Made with only olive oil, this pure liquid Castile soap is easy to make and mild. It’s perfect for face and body, and for cleaning around the house.
A couple of years ago, I showed you how easy it was to make a basic beginner soap, even if you’ve never done it before.
Making solid soaps can be a lot of fun, but not everybody likes using bar soap. Many people prefer using something in a dispenser like a shower gel or a liquid soap.
I made many different types of bar soaps before attempting to make a true liquid soap. There aren’t as many resources about making liquid soaps, so I had to do a lot of trial and error before posting this first liquid Castile soap recipe.
Once you find a good recipe, it’s pretty simple to make. While it does take a little more time and effort than whipping up some bars of cold process soap, I think you’ll find that it’s well worth it, especially when you take a look at the price of a store-bought liquid castile soap.
How does liquid soap differ from bar soap?
The main difference between bar soaps and liquid soaps is the type of lye used to make them. Liquid soaps are made with KOH, or potassium hydroxide, rather than NaOH, or sodium hydroxide.
You can read more about the different types of lye in my post about lye and why it is needed in soap.
While some people like to make a “liquid soap” of sorts by diluting bar soaps in water, you can’t really get a true, transparent liquid soap that way. Some people are happy with the result, but every time I’ve tried it, I’ve ended up with a gloopy mess. It doesn’t have the same cleaning power as either a bar soap or a true liquid soap, and the texture and appearance aren’t the same either.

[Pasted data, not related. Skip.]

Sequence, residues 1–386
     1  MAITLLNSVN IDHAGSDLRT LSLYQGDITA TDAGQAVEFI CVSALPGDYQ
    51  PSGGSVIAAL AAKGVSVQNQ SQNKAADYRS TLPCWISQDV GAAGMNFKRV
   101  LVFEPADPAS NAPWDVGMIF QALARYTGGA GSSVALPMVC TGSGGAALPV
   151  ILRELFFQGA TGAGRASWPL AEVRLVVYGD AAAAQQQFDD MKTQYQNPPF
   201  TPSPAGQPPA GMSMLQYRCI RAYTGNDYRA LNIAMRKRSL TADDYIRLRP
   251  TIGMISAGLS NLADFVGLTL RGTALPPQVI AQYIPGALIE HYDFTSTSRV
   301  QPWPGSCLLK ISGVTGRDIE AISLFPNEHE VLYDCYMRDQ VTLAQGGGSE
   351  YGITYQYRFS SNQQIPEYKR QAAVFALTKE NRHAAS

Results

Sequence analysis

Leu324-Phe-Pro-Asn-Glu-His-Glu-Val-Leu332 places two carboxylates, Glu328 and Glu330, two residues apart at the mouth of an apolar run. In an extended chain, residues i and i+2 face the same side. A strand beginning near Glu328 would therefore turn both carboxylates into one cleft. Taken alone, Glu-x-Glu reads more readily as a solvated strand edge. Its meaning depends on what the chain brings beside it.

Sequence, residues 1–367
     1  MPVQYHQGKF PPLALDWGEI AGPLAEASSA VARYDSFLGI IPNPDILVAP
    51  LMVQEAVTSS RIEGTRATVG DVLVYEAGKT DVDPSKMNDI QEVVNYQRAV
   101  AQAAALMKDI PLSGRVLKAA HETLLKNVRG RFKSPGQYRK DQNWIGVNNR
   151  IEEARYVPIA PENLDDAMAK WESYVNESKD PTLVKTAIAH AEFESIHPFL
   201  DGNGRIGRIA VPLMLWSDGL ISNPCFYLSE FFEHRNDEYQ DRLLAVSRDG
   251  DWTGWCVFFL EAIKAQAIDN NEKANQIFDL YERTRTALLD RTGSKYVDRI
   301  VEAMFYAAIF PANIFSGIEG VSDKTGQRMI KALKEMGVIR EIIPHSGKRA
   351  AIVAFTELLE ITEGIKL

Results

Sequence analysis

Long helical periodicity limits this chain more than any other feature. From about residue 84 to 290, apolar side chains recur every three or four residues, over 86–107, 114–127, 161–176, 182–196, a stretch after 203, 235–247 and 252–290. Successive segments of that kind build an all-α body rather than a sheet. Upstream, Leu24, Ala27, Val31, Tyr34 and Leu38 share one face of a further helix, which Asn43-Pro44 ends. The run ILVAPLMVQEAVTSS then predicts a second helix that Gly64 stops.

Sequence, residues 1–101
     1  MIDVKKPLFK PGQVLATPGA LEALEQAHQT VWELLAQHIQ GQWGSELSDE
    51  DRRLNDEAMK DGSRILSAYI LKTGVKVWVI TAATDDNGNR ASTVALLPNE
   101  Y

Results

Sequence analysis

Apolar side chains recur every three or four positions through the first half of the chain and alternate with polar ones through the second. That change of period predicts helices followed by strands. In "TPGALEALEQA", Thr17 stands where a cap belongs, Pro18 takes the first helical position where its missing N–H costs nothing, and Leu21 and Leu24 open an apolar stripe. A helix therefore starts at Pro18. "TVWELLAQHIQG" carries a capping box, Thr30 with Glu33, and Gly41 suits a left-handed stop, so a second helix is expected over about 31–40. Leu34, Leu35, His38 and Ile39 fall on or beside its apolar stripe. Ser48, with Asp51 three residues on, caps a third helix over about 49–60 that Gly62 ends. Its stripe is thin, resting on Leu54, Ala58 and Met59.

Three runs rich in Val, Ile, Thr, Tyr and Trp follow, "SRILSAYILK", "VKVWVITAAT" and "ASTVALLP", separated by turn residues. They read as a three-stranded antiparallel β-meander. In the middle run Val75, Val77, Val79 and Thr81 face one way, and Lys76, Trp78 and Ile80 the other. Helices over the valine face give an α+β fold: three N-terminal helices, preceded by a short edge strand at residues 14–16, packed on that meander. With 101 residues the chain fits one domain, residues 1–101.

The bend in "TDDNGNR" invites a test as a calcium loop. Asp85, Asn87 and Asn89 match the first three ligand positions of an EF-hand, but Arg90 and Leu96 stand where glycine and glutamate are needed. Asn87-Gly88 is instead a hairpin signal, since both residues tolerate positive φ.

What is pure Castile soap?
Technically, by definition, Castile soap is a type of soap made with only olive oil. The name “Castile” soap originates here in Spain. (You can read more about the origin of Castile soap and other soaps in my post with a recipe for pure Castile bar soap.)
Over the years, the definition of Castile soap has broadened to include other types of vegetable oils such as coconut oil. Dr. Bronner’s liquid Soap, which may be the most famous commercial liquid Castile soap, actually has a greater percentage of coconut oil than olive oil. (I made a Dr. Bronners liquid Castile soap copycat recipe for those who are interested!)
When it came to making a homemade liquid Castile soap, though, I was a bit of a purist and made the real deal: a soap made with only olive oil.
Olive oil in soap
Soaps made with different oils have different properties.
Soaps made with olive oil are more conditioning for your skin than soaps made with coconut oil. On the other hand, they don’t lather up as much as a coconut oil soap, nor do they leave you feeling squeaky clean in the same way (partly because they are more conditioning).
Some people find pure Castile bar soap to be “slimy” and not cleansing enough. On the other hand, pure coconut oil bar soap can be drying.
- Pure coconut oil soaps are great for general cleaning and for laundry. That’s why I made my homemade laundry soap only with coconut oil.
- Pure olive oil soaps tend to be gentle on the skin and great for gentle body cleansing.
Read my post about the properties of different oils in soaps.
Ideally, you’d combine different oils to get the qualities you want for your soap. That’s exactly what they did when they formulated Dr. Bronner’s soap, and what I did when I showed you how to make a basic beginner soap which uses a combination of olive oil and coconut oil.